Catalan and Spanish Leaders Take Steps to Normalize Relations

Catalan president Quim Torra is welcomed by Spanish prime minister Pedro Sánchez in Madrid, July 9
Catalan president Quim Torra is welcomed by Spanish prime minister Pedro Sánchez in Madrid, July 9 (La Moncloa)

Spanish prime minister Pedro Sánchez and Catalan president Quim Torra have met for the first time.

The fact that a simple meeting is considered a step forward says something about how poorly Sánchez’ conservative predecessor, Mariano Rajoy, managed relations between the Spanish state and its richest — and rebellious — region.

Beyond the symbolism of the meeting, the two leaders made substantive progress. Read more

Sánchez Shouldn’t Be Afraid of Federalizing Spain

Spanish Socialist Party leader Pedro Sánchez listens during a meeting in Madrid, April 12, 2016
Spanish Socialist Party leader Pedro Sánchez listens during a meeting in Madrid, April 12, 2016 (PSOE)

There is hope here in Catalonia that the new Spanish prime minister, Pedro Sánchez, will be more conciliatory than the last. But he mustn’t make the same mistake as his predecessor, I argue in an op-ed for the Netherlands’ NRC newspaper. Read more

Who Is Catalonia’s New President and What Happens Next?

Quim Torra enters the parliament of Catalonia to be sworn in as the region's president, May 14
Quim Torra enters the parliament of Catalonia to be sworn in as the region’s president, May 14 (Miguel González de la Fuente)

Quim Torra has been elected president of Catalonia with 66 to 65 votes in the regional legislature.

Torra was supported by his own party, Together for Catalonia, and its ally, the Republican Left. Both seek Catalan independence.

The smallest separatist party, the Popular Unity Candidacy, abstained to make it possible for Torra to take office, but it considered his predecessor, Carles Puigdemont, the only legitimate candidate.

Puigdemont, who led Together for Catalonia to victory in December’s election, was removed from power by Spain in the wake of the October 1 independence referendum that had been ruled illegal by the Constitutional Court. Read more

Deal Slips Away in Catalonia as Both Sides Dig In

Cable car in Barcelona, Spain
Cable car in Barcelona, Spain (PxHere)

In my first contribution to World Politics Review, I write that a deal is slipping away in Catalonia as the region’s separatists remain deadlocked with the central government of Spain.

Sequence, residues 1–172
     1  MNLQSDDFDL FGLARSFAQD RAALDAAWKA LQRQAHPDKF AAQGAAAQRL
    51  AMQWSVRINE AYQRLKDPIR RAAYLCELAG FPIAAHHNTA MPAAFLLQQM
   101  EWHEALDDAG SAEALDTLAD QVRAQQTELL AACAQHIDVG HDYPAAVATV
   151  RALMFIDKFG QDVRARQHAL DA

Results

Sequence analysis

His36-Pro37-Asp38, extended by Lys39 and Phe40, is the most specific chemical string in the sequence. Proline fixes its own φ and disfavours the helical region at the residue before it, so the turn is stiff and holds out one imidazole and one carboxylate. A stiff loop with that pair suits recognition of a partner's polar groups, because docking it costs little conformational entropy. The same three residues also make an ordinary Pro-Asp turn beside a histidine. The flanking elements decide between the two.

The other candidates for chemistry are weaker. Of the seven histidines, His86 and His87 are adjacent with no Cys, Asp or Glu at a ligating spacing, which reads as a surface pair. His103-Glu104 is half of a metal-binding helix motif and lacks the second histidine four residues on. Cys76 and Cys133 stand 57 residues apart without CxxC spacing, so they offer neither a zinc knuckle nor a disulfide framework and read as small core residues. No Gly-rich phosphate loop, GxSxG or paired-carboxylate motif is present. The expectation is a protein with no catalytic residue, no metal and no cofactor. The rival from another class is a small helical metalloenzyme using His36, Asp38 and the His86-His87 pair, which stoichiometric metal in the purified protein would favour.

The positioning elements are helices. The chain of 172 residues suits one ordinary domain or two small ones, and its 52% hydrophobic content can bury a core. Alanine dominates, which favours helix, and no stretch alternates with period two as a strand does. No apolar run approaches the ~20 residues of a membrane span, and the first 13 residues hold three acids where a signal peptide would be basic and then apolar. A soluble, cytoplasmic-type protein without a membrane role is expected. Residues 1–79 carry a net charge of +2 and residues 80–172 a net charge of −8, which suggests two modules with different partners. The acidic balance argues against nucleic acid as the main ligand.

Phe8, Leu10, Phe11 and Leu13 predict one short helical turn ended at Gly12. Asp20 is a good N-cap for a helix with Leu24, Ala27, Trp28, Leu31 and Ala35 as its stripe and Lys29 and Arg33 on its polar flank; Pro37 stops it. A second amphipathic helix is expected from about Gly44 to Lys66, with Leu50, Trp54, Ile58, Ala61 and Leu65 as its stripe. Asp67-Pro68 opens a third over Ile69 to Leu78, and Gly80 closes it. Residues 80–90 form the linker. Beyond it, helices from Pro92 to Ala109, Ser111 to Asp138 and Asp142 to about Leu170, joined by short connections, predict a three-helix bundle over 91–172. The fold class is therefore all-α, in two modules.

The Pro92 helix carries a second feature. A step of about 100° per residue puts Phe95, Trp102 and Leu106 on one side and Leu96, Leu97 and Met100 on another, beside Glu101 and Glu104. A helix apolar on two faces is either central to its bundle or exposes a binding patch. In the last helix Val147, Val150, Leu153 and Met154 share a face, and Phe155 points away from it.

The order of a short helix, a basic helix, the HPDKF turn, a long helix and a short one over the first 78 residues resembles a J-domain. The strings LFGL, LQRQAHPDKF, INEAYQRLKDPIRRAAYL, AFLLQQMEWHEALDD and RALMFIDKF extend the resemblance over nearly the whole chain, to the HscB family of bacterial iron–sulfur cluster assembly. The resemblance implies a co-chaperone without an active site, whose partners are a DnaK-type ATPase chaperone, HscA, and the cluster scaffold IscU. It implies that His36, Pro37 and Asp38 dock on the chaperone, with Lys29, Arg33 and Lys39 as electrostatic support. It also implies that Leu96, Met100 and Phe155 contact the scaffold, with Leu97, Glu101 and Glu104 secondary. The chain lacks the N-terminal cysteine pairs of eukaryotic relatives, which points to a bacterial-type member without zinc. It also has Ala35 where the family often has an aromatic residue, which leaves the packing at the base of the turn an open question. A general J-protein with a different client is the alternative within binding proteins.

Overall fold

Both sides are waiting for the other to make the first move: Spain for the Catalans to form a pliable regional government; the separatists for Spain to drop charges against the leaders of their independence movement. Neither is likely to happen. And so six months after the referendum, and four months after regional elections in Catalonia, there is still no breakthrough.

The solution, I’ve argued before, is more self-government. Most Catalans don’t feel they have enough control over their own affairs. But most don’t really want to break away either. It’s only if they are forced to choose between the status quo and secession that the population splits down the middle.

Unfortunately, more autonomy is out of the question for the current Spanish government. Mariano Rajoy, the prime minister, won’t even negotiate with the Catalans.

The longer this impasse lasts, I warn, the more the extremes will benefit.

The liberal Citizens, who take a harder line against the independence movement, are stealing voters from Rajoy. Radical separatists in Catalonia are growing at the expense of pragmatists. Rajoy may come to regret not talking with reasonable separatist leaders when he had the chance. Read more

South Tyroleans Bide Their Time

View of Bolzano, the capital of South Tyrol, Italy, July 30, 2007
View of Bolzano, the capital of South Tyrol, Italy, July 30, 2007 (Flickr/gigi62)

An Austrian proposal to extend dual citizenship to German-speaking inhabitants of South Tyrol has heightened already tense relations with Italy over the region.

However, secession — in the wake of failed independence bids in Catalonia and Scotland — remains unlikely. Read more

Tabarnia: A Separatist Parody That Gets Too Much Attention

The flag of Barcelona, Spain, September 17, 2013
The flag of Barcelona, Spain, September 17, 2013 (Fredrik Rubensson)

Relatively low support for independence on Catalonia’s Mediterranean coast has caused some to wonder: why not split the cities of Barcelona and Tarragona from the rest of the region?

Spanish media like 20 minutos, El Confidencial, El Mundo, El País, Libertad Digital and La Razón — eager to belittle Catalan nationalism — have given the tongue-in-cheek proposal, dubbed Tabarnia, disproportionate attention.

So have Catalan unionists, including Inés Arrimadas, leader of the regional Citizens party, and Albert Rivera, her national party chief.

It is not entirely without merit. Rural Catalonia is more separatist than cosmopolitan Barcelona and its suburbs.

But a closer analysis of the most recent election results by the pro-independence outlet El Nacional reveals that the region is more evenly split than the unionists would care to admit. Read more

Corsica Is Not the Next Catalonia

Facade of the Church of Saint John the Baptist in Bastia, Corsica
Facade of the Church of Saint John the Baptist in Bastia, Corsica (Wikimedia Commons)

Earlier this month, a nationalist coalition called Pè a Corsica (For Corsica) won control of the island’s regional assembly with 56.5 percent of the votes.

Pè a Corsica‘s success may certainly entail more bargaining power for the island vis-à-vis a staunchly centralist French government and it represents yet another European region seeking to forge its own path away from a dominant nation state.

But it is unlikely to lead to a Catalonia-style rebellion. Read more